Matt Kinsman, executive editor of FOLIO magazine, has listed some editor salaries in the September 2009 issue. His article gives an insight into editors’ compensation:

By Matt Kinsman 08/27/2009

Magazine editors saw salaries rise for the most part in 2008 but they expect a significant decline of possibly 10 percent or greater in 2009, according to the 2009 FOLIO: Editorial Salary Survey, conducted by Readex Research. The mean salary for editorial directors was $89,000, with b-to-b coming out on top at $98,200 followed by consumer at $90,800 and associations at $81,300.

However, just 20 percent of editorial directors expect a salary increase in 2009. Forty-seven percent expect it to stay the same, while 31 percent expect a decrease (of that number, the majority—15 percent—say they think it will drop by 15 percent or more).

Editors and executive editors saw a mean salary of $69,500 in 2008, with association coming out on top at $74,900, followed by b-to-b at $70,600. Just 17 percent of respondents expect an increase, while 53 percent expect salaries to be flat in 2009.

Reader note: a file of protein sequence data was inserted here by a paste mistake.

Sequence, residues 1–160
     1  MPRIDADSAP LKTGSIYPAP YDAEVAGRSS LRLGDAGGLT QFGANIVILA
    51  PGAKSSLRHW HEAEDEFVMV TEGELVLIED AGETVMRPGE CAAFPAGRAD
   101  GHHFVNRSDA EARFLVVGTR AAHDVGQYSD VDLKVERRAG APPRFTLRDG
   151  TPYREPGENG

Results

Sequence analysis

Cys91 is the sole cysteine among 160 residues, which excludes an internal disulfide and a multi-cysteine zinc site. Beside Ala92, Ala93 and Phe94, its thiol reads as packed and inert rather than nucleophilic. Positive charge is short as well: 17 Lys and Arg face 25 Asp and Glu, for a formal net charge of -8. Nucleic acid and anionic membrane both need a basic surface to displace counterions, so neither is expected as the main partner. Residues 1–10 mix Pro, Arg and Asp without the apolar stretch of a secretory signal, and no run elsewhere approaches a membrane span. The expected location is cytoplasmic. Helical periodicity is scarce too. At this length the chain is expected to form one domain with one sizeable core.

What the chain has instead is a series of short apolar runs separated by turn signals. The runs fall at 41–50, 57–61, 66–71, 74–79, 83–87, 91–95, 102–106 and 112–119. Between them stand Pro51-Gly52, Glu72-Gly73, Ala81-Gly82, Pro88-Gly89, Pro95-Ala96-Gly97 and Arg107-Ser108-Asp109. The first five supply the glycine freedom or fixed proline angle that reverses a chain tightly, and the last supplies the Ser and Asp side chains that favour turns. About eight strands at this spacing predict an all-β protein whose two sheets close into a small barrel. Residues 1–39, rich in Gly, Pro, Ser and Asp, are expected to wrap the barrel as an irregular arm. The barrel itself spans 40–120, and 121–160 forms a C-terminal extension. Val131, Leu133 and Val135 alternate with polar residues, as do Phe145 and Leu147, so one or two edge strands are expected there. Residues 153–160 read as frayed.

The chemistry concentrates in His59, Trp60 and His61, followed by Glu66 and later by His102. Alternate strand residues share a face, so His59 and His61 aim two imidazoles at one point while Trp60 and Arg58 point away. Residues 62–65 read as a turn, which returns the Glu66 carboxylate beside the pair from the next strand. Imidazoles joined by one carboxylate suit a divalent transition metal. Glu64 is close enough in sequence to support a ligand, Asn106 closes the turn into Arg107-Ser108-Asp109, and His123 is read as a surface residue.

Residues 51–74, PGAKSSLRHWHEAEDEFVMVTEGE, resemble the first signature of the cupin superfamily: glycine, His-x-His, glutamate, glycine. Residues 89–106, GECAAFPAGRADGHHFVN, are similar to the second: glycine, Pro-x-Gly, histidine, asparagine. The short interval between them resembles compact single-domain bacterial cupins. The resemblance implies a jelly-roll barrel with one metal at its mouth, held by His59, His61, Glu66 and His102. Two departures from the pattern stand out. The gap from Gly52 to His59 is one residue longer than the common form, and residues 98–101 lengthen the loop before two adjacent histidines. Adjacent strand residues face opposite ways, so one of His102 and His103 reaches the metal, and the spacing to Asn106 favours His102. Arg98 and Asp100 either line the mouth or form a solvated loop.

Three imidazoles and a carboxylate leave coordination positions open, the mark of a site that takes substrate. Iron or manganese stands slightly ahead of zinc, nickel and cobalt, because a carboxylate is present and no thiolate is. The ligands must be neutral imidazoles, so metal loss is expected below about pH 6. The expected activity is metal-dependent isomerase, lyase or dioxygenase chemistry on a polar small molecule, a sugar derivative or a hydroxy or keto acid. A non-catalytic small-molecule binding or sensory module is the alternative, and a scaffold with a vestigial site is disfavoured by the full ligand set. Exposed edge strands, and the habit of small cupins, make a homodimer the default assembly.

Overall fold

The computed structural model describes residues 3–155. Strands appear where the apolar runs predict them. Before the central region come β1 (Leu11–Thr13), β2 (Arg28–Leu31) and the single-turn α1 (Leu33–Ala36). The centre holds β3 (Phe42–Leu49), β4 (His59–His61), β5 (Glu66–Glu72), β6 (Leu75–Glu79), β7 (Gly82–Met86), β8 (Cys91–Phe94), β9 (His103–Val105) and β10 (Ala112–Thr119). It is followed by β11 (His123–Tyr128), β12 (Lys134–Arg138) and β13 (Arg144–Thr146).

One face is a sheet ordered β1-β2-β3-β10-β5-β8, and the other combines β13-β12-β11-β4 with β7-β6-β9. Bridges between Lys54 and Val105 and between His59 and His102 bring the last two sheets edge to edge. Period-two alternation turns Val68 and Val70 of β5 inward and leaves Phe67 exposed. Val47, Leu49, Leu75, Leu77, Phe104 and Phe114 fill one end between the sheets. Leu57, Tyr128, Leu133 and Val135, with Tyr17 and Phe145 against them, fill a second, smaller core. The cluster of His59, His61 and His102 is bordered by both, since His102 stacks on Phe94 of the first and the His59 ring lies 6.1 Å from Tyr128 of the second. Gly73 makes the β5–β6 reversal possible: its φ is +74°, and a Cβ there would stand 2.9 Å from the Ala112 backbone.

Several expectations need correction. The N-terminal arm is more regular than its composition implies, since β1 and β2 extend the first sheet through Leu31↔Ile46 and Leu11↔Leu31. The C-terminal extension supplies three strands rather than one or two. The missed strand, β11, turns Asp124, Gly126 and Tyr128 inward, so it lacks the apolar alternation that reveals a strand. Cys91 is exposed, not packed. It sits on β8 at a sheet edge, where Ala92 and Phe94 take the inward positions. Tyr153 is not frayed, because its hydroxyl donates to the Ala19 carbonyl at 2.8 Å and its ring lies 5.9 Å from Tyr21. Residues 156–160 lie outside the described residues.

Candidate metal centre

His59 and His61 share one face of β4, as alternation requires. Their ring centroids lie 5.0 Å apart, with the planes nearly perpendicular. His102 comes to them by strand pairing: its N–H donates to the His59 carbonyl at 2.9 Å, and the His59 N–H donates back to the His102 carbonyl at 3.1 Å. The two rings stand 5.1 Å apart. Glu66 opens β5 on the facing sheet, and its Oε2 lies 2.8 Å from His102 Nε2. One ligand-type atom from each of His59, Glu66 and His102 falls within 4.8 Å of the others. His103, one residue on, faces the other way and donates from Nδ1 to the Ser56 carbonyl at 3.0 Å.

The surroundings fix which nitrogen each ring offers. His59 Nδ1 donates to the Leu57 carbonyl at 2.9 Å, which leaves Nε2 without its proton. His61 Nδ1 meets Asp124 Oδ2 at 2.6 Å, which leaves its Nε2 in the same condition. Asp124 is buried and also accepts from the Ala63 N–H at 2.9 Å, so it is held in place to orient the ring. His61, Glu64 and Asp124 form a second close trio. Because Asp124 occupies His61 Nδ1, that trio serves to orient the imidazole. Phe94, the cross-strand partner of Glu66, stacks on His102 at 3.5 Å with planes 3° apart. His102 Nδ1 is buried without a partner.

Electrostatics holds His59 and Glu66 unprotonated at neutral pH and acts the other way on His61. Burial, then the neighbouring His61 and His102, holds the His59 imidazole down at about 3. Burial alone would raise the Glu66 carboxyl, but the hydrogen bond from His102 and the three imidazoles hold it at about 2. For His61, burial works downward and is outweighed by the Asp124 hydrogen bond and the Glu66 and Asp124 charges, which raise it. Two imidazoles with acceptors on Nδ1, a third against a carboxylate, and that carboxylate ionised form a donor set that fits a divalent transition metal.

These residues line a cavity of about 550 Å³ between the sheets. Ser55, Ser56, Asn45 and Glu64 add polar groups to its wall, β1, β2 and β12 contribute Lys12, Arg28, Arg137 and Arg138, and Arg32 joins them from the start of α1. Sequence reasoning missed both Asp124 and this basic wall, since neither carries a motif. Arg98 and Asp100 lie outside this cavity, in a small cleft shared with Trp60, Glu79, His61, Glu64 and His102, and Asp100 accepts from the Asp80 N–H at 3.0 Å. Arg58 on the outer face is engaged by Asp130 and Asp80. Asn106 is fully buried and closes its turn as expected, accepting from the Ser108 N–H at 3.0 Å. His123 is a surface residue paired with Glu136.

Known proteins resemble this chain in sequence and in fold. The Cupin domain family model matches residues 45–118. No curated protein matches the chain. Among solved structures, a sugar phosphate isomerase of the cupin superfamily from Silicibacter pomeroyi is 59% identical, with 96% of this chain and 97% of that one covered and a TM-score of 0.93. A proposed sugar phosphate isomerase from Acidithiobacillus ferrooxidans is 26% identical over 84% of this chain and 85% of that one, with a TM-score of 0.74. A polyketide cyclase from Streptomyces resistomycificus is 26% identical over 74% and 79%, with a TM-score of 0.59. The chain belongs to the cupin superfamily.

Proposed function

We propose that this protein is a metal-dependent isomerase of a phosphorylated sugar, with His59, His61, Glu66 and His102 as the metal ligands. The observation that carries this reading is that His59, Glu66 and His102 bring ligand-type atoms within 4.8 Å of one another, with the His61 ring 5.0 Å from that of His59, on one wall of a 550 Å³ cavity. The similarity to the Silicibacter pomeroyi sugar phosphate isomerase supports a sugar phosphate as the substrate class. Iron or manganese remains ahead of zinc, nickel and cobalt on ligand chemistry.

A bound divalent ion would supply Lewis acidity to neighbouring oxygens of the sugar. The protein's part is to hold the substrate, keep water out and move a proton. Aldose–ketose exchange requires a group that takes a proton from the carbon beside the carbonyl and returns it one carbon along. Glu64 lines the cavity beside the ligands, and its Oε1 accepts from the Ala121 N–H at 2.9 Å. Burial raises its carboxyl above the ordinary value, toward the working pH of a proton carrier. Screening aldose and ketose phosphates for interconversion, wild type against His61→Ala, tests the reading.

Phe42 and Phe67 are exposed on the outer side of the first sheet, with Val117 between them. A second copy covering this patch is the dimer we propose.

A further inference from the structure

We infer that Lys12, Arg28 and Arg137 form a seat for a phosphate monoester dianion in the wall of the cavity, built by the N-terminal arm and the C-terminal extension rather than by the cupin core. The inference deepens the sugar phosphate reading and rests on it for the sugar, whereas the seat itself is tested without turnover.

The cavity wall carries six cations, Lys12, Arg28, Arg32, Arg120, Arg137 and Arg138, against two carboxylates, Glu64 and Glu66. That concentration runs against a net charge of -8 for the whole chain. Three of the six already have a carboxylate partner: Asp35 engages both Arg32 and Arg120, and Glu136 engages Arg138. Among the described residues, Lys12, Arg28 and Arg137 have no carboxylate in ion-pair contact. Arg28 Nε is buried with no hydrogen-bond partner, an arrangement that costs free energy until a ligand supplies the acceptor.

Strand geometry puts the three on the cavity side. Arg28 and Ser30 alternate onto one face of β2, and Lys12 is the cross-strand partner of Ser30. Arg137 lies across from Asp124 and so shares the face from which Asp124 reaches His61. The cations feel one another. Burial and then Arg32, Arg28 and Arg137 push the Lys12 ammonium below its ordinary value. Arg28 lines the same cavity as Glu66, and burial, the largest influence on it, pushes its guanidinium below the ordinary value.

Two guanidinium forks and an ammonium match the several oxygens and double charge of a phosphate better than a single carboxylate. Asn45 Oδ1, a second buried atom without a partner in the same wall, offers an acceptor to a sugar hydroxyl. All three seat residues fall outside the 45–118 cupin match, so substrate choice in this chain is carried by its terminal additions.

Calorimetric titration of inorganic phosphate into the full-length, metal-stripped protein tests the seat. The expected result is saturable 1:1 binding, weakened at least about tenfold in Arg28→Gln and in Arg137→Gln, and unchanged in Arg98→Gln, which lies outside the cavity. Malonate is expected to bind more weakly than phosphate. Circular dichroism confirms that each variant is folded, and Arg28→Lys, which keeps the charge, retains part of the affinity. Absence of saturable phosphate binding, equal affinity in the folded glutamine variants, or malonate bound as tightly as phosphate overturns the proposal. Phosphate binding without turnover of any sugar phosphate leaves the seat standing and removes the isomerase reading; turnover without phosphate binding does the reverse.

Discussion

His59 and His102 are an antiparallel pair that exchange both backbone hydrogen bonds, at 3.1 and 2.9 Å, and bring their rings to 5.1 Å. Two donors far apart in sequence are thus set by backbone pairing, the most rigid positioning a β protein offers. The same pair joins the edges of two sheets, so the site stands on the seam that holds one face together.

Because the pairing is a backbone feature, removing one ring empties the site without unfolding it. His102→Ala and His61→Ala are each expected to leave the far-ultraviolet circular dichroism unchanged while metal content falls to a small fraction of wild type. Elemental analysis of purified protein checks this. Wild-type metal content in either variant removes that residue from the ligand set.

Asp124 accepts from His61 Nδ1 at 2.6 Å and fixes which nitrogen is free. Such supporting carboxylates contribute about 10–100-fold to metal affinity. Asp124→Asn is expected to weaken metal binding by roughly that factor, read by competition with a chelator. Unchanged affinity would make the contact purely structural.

The consumer side posted the largest salary among managing and senior editors at $65,400, followed by association at $56,200 and b-to-b at $55,600. Again, 53 percent of managing/senior editors expect their salaries to be flat in 2009.

New Reality?
Some respondents wondered if a changing business model could mean lower salaries long term. “Closing down print products could be smart from a cost standpoint but getting big dollars from online is a challenge, which could result in cuts in pay and staff.”

“Compensation may not change but workload will due to reduced staff,” said another. One association editor talked about a shrinking readership. “Smaller organizations are disappearing and merging companies will mean less dues money. That means less operating money in budget for salaries/bonuses.”